To improve tuning stability, locking nuts are worth looking into. They’re often supplied with a Floyd Rose bridge system.
Bridge systems are where you intonate your guitar and the saddle is located. The strings terminate here with a built-in stopbar or there will be a tailpiece that follows.
If you’re a dive-bombing fanatic and you’re all about hard-hitting wah-wah effects, you’ll want a tremolo-style bridge. Are they made equal? Not at all. You’ll have to research into how much maintenance they’ll require as they’re usually tedious when it comes to string changing. Some tremolo/vibrato bridges to consider are:
- Locking Tremolo, eg. Floyd Rose
- Fender Synchronized Tremolo
- Bigsby Vibrato
- Fender Floating Bridge
Hardtail bridges like the Adjusto-Matic and Tune-O-Matic are user-friendly because they require little maintenance. They have six adjustable saddles to tune each string to intonate the guitar, and you can change out one string without having to undo all the others. However, you can’t use a whammy bar with them.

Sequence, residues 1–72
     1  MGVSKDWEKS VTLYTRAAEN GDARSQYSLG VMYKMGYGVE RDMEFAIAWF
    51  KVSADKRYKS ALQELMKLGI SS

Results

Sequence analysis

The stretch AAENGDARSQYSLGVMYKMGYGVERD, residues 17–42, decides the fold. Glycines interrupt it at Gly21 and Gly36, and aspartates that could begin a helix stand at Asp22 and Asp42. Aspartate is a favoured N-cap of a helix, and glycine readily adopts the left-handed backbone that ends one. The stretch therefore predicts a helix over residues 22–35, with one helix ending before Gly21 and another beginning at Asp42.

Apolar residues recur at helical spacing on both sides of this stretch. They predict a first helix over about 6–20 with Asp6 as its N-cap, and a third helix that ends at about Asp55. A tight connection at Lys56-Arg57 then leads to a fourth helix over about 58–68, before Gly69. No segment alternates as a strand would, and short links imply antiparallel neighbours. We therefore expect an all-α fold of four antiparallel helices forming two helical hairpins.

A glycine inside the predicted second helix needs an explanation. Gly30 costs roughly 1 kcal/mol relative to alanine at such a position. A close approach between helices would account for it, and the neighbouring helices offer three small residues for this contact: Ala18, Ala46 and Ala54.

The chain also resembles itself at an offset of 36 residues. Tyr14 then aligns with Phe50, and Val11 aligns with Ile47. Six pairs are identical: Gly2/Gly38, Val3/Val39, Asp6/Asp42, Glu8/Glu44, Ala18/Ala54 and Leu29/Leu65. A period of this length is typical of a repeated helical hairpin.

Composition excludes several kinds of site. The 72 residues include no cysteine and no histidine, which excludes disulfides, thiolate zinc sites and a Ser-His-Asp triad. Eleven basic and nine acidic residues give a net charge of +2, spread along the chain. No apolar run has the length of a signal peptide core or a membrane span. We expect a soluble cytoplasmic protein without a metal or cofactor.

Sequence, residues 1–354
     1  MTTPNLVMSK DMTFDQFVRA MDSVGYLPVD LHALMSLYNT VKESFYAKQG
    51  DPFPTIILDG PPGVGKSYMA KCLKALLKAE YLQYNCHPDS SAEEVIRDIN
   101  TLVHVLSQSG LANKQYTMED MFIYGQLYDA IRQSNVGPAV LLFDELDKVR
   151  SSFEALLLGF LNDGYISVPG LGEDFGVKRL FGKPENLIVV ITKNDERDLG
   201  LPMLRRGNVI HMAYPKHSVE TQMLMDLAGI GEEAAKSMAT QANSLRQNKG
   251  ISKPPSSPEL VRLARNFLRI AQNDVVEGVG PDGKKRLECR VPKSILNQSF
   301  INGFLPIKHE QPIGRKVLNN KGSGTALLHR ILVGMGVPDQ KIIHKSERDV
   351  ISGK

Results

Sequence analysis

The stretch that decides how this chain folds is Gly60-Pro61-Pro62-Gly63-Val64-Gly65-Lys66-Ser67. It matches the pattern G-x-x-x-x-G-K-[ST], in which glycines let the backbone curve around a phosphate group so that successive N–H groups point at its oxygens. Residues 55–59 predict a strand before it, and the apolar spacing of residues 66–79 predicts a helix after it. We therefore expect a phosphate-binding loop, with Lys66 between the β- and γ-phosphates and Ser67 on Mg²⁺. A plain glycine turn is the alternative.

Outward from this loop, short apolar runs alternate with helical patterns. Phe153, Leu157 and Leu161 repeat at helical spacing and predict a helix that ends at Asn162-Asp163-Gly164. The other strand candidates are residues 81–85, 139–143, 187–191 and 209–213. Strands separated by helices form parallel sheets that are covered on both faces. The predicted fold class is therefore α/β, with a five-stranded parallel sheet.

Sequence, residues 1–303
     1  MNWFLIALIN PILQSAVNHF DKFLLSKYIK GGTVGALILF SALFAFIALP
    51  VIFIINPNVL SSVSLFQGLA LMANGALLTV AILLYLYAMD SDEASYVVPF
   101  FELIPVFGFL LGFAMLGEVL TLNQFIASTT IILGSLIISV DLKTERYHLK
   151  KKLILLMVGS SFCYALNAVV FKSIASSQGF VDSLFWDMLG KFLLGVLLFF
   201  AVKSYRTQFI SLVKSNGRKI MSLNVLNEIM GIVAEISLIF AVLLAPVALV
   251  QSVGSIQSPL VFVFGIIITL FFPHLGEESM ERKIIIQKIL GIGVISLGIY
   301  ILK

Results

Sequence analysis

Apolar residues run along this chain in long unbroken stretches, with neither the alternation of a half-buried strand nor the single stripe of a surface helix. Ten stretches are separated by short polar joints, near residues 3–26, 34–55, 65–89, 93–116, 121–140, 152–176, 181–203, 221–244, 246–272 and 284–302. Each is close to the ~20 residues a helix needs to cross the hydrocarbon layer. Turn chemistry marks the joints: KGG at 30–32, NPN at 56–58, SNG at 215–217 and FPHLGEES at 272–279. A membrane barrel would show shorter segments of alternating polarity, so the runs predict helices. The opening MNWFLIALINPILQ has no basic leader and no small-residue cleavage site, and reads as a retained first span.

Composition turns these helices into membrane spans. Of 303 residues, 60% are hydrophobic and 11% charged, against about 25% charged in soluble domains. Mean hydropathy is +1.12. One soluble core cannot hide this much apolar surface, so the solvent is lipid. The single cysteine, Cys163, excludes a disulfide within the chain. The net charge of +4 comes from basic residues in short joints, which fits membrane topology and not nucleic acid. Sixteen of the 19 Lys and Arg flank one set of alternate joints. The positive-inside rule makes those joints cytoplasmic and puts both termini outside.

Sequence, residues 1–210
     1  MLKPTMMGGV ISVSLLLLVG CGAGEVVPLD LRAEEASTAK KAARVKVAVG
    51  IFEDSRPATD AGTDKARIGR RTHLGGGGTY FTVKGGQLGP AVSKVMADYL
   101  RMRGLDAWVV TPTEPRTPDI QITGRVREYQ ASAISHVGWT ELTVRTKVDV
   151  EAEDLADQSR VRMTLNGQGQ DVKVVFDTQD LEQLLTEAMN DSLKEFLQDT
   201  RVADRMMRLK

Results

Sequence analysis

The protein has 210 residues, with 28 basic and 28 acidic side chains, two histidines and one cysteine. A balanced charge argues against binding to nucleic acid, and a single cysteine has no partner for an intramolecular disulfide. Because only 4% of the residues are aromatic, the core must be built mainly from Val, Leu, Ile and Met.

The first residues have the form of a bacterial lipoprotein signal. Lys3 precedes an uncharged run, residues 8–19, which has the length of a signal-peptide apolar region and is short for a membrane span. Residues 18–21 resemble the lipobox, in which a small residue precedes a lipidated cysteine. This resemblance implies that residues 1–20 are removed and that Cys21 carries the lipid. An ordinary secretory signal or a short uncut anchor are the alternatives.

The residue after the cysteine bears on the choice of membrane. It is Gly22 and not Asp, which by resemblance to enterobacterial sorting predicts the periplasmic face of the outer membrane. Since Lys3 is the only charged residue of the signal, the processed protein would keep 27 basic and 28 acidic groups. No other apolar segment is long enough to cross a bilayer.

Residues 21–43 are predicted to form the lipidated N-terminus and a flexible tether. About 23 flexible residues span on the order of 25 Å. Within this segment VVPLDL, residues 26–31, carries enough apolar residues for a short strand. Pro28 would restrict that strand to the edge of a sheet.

In the Know
You’re all caught up and up to speed on the major components and features to look for on an electric guitar. Together, we’ve covered everything from the body style to the hardware and even how much to spend on a guitar.
You’re well-equipped to shop smartly for your first or next buy. What’s next? Pick out a handful of guitars and check out the reviews to get specific details about each of them. If you can get some hands-on experience, it’ll be worth gold.
Making the right choice isn’t always as easy as you’d expect it to be as sound and playability is subjective. But, with some knowledge in your brain bank and a bit of expert advice, you can make it a little easier on yourself. From newb to well-informed buyer, now you’re in the know.
Congratulations, it’s time to make music magic!